Setting the teeth on edge: Identifying the risk factors for tooth loss

One of the major causes of tooth loss is the inflammation and weakening of the supporting structures of the teeth caused by bacterial infection, a condition commonly known as “periodontitis.” The oral cavity is home to a myriad of microorganisms, including bacteria that generally maintain a “symbiotic” (mutually beneficial) or neutral relationship with the host, but are also capable of initiating many diseases.

Aggregation of the bacterial community into “biofilms” is often associated with the development of infections, including periodontitis. With currently available treatment options often proving inadequate, there is a pressing need to understand the beginning and development of the disease better. Now, in a study published in International Journal of Environment and Public Health Research, a group of researchers led by Assistant Professor Naoki Toyama from Okayama University, Japan, reveal insightful findings that could provide new directions to the treatment strategies for periodontitis.

The physiology of an individual directly affects the development of infection. Genetic differences among hosts contribute to differences in susceptibility to specific pathogens and the chance of developing certain diseases. In their study, Dr. Toyama and colleagues focused on understanding the microbes associated with the presence of periodontitis and the host genetic factors that might facilitate the development of the conditions. Dr. Toyama explains the motivation behind their study, “Several studies on periodontitis have shown that the development of the disease is associated with the nature of the oral microbiome as well as with genetic ‘polymorphism,’ the most common type of genetic variation among people. However, there is no study that simultaneously assesses the importance of these two risk factors in developing the disease.”

Accordingly, the team conducted a cross-sectional study in which they genotypically analyzed 14,539 participants and conducted saliva sampling of 385 individuals. They finally retained 22 individuals for statistical analysis, and based on their periodontal status, divided them into “periodontitis” and “control” groups.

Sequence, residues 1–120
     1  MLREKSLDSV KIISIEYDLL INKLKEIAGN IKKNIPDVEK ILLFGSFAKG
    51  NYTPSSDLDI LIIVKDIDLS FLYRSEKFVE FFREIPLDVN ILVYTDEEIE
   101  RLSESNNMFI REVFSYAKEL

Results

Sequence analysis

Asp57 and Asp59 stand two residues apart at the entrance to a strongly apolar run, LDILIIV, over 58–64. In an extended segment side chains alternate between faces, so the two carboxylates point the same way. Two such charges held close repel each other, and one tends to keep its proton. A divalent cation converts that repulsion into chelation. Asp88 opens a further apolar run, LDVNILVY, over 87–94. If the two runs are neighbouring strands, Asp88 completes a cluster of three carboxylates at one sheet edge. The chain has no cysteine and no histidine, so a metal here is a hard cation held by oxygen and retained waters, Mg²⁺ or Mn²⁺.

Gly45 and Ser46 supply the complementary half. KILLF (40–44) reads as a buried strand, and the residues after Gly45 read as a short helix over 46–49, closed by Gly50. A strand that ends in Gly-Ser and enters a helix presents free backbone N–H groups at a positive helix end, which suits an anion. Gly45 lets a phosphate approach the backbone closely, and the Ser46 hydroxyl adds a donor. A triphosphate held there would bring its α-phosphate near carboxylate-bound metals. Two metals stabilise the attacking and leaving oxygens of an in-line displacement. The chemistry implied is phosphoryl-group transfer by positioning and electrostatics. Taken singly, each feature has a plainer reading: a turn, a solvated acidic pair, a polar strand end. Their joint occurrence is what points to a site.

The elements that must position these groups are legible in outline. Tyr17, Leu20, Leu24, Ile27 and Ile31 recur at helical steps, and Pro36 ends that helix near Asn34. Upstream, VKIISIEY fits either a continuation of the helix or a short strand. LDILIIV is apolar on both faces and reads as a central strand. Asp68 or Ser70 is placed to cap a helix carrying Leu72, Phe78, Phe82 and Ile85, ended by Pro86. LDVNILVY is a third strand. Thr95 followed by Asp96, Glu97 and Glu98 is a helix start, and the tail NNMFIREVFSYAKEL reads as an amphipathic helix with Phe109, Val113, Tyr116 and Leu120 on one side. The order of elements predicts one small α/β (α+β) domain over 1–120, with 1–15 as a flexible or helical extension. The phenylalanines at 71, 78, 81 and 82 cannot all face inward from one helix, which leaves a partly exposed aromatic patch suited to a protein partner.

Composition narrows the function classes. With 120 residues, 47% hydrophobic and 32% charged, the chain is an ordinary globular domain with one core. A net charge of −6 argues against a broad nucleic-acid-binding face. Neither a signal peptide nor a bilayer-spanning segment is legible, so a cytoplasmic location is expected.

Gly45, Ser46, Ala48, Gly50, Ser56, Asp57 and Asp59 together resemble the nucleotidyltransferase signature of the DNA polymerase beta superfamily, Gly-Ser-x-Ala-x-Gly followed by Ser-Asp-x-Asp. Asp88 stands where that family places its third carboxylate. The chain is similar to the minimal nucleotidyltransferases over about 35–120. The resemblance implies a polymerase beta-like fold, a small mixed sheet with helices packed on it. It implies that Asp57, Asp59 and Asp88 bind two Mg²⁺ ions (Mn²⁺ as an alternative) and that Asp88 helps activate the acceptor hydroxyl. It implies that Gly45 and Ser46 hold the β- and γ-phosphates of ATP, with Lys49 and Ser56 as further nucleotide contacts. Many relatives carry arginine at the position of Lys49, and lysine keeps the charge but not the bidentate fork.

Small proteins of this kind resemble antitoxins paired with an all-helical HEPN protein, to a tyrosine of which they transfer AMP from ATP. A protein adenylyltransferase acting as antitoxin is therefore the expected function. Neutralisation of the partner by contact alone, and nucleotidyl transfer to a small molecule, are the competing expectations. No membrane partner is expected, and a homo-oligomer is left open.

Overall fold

The team found that the “β-diversity” of the microbes, which refers to the ratio between regional and local species diversity, was significantly different between the periodontitis and control groups. Furthermore, they attributed the presence of the bacteria species, P. gingivalis and the bacterial families, Lactobacillaceae and Desulfobulbaceae, to periodontitis. In contrast, they found no relation between genetic polymorphism and periodontitis. Taking these inferences into account, the team concluded that our oral microbiome affects the status of periodontitis more than our genes.

So, how do these findings influence current clinical practices? Dr. Toyama surmises, “The fact that the prevalence of periodontitis is associated with the members of the microbiome rather than the genetic identity of the individual would motivate clinicians to pay more attention to microbiome composition than to host factors in the routine work of periodontal examination, and design customized treatment strategy for periodontitis.”

These findings further reinforce the importance of regular tooth cleaning in keeping periodontitis at bay.

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Materials provided by Okayama University. Note: Content may be edited for style and length.

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